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Can you work your way through college?

Can you work your way through college?

JRF | Mar 19 2013 |  · · · 

In an article by The New York Times, several college students were interviewed about their debt-free education. These students excelled academically and worked nearly full-time jobs to avoid colossal debt when they graduated.

One of the students, Steve Boedefeld, enrolled in the military and did several tours of duty to save money before coming to college. He now goes to Appalachian State University and works 15 to 20 hours a week as an electrician. He forgoes time with friends to be with his family and study when he’s not working to support his education.

Zack Tolmie, a graduate of New York University, saved $8,000 before coming to college. When he arrived, he worked as a waiter and took on extra shifts. Along with the help of a merit scholarship, Tolmie was able to graduate debt free. Since graduating, Tolmie found a full-time job in New York City.

Zack and Steve are not the norm. College debt has risen to $1 trillion over the past few decades and will continue to increase. Most students accumulate some kind of debt before graduation.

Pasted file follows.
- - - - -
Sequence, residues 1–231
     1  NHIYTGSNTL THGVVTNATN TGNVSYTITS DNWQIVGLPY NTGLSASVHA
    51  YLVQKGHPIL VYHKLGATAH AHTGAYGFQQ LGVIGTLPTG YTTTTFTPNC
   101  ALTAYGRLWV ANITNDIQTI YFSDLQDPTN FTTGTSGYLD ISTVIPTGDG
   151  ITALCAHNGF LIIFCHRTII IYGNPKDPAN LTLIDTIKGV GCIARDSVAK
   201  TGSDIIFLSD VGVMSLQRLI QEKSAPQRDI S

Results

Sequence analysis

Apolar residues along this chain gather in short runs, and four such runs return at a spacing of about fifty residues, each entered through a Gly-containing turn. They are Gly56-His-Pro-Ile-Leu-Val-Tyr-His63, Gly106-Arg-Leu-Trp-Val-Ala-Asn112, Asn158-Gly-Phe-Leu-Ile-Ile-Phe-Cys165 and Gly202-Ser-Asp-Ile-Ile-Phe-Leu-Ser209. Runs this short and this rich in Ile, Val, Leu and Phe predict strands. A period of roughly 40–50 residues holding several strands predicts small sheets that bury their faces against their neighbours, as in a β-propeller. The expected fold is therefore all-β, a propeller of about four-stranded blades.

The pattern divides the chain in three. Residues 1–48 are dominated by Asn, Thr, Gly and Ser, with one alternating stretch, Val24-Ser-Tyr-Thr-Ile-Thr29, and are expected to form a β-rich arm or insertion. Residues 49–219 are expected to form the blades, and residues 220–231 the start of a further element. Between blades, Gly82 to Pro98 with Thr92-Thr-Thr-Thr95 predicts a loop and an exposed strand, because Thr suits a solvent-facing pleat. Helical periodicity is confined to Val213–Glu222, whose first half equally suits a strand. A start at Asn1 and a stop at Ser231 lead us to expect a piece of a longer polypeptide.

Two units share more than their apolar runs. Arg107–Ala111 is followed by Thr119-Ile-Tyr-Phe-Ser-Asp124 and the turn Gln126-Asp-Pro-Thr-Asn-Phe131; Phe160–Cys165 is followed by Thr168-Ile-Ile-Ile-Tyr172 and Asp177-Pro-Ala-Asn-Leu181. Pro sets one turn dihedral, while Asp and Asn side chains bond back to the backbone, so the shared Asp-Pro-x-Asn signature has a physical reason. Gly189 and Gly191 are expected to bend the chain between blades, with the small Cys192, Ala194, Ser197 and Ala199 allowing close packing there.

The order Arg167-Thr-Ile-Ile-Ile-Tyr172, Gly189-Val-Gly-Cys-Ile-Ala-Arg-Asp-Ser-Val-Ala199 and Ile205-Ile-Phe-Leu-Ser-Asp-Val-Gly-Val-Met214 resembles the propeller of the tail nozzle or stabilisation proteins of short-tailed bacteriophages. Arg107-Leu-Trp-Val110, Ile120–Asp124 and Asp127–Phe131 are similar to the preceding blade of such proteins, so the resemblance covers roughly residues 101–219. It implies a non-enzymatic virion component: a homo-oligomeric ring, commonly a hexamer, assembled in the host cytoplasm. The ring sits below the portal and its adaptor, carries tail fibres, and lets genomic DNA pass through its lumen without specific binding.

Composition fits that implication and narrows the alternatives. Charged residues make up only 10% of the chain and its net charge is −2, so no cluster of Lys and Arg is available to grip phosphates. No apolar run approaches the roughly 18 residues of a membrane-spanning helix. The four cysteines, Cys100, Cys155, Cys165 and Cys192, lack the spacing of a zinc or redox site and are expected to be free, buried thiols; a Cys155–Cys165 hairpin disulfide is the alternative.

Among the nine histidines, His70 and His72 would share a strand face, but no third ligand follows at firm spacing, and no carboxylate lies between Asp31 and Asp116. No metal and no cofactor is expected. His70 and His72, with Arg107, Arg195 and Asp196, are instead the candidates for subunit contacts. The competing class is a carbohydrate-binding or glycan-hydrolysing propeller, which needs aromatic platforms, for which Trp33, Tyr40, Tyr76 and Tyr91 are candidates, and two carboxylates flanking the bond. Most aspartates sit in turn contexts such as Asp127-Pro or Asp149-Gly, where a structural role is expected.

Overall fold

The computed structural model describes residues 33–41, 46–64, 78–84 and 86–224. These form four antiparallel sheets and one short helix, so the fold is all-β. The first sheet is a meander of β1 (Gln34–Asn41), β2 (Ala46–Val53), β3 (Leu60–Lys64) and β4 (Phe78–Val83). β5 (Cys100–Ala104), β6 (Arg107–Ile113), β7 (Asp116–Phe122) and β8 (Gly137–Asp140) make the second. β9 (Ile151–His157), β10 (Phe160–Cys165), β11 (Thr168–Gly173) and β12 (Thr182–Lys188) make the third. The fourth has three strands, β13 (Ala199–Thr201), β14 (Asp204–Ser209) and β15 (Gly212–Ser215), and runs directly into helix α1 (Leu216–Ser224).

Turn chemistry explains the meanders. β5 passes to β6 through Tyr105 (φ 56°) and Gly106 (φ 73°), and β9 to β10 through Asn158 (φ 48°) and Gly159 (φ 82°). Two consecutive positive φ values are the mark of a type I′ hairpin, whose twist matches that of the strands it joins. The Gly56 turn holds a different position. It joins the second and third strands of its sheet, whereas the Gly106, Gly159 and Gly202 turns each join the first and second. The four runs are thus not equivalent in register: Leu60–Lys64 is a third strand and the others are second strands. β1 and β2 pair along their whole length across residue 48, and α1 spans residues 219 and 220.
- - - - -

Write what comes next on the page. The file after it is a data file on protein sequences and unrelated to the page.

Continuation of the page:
Many JRF scholars balance school, work and family responsibilities. Four out of five JRF scholars are the heads of their households, whether they are single parents or caring for disabled partners or simply the only ones earning income. For some, working is not an option, it is a given. A job puts food on the table, keeps the water and power on, and makes sure a family has a place to live.

Despite all of these responsibilities, JRF scholars are succeeding. We often see 4.0 GPAs and more than 80% have graduated or are still enrolled in class.

How do you balance work and school? Post your comments below.

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